Alright, another, hopefully quick, probability question.

Let ( A_n) and ( B_n) be in A with A_n-->A and B_n-->B, with P(B)>0 and P( B_n)>0. Show that:

a) lim_{n->\infty}P(A_n|B)=P(A|B)

b) lim_{n->\infty}P(A|B_n)=P(A|B)

c) lim_{n->\infty}P(A_n|B_n)=P(A|B)

So, I know that:

P(A_n|B)= \frac{P(B|A_n)P(A_n)}{P(B)}= \frac{P(B \cap A_n)}{P(B)}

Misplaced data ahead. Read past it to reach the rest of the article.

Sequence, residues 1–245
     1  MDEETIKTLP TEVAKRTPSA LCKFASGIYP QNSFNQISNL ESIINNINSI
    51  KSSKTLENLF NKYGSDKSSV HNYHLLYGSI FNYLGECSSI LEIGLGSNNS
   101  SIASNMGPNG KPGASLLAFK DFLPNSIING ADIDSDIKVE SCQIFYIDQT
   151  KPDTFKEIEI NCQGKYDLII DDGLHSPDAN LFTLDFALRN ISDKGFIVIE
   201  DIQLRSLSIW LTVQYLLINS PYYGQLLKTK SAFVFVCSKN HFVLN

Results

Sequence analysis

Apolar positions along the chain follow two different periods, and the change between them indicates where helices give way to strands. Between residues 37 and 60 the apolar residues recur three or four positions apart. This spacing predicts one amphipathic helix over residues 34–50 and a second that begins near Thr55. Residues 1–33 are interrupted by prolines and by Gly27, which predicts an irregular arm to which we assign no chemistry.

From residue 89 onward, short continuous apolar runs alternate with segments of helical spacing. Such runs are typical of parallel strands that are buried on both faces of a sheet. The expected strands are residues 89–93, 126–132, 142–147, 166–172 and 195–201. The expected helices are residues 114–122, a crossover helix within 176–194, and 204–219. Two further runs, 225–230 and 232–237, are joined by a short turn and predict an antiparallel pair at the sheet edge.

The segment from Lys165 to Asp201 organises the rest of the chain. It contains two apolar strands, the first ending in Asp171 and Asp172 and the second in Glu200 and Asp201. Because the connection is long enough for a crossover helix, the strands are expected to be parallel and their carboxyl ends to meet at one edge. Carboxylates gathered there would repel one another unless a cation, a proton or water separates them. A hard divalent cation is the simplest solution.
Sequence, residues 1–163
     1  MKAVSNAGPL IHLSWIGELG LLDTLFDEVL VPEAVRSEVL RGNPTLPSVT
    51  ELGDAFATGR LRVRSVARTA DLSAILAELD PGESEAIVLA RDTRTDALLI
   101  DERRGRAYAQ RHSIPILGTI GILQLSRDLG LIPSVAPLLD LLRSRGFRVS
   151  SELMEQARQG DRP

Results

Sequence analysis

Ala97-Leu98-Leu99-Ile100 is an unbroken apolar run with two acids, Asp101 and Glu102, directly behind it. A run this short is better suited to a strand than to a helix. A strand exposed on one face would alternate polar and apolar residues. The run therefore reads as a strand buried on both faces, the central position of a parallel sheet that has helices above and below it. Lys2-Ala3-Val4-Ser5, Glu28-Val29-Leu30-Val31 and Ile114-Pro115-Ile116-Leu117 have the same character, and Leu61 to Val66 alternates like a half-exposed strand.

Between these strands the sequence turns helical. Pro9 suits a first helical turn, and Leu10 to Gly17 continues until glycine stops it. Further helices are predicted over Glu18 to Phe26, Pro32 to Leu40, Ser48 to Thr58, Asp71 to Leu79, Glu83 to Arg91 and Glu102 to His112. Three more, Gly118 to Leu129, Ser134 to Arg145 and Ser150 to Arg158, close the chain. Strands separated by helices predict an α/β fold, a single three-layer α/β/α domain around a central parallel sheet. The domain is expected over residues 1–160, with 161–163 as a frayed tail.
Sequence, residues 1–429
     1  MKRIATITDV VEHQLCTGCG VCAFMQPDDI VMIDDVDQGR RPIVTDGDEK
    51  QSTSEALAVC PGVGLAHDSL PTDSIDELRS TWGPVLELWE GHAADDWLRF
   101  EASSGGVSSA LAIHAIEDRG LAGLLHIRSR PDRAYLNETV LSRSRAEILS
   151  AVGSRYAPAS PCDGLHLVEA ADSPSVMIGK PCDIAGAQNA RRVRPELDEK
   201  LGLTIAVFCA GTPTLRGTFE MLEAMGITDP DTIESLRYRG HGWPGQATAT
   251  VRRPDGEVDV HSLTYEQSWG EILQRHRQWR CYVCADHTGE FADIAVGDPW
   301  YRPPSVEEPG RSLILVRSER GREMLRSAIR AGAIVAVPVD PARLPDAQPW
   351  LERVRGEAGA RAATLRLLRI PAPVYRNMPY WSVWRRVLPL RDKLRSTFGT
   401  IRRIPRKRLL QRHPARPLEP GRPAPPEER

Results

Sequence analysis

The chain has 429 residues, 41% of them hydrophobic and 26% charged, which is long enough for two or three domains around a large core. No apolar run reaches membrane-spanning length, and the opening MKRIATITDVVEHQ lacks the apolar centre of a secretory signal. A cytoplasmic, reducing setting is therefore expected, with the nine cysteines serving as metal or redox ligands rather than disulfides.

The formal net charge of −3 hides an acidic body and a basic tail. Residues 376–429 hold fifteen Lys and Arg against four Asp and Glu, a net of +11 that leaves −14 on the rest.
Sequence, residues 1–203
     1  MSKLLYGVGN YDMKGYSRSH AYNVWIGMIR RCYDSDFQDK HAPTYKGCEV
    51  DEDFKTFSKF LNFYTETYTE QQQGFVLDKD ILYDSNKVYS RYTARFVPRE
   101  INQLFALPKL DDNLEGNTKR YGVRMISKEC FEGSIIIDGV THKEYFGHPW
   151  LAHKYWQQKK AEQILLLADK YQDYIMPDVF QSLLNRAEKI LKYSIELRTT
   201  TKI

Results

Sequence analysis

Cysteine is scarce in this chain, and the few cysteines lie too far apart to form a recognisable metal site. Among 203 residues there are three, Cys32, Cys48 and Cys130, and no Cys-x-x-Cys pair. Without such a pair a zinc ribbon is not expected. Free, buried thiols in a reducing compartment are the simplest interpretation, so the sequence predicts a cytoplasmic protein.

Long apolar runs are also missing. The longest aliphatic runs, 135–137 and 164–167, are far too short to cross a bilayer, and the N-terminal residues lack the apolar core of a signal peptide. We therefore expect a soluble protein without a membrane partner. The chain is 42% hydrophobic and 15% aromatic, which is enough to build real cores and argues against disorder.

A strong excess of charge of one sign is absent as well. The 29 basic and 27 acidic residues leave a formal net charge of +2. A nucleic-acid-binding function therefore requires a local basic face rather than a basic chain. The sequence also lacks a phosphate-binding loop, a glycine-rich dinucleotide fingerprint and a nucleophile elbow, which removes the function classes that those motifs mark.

P(A|B_n)= \frac{P(B_n|A)P(A)}{P(B_n)}= \frac{P(B_n \cap A)}{P(B_n)}

P(A_n|B_n)= \frac{P(B_n|A_n)P(A_n)}{P(B_n)}= \frac{P(B_n \cap A_n)}{P(B_n)}

P(A|B)= \frac{P(B|A)P(A)}{P(B)}= \frac{P(B \cap A)}{P(B)}

My problem really is how to show the limit of P(B|A_n), P(B_n|A), and P(B_n|A_n) is P(B|A). They seem obvious, but I can't figure out how to show it.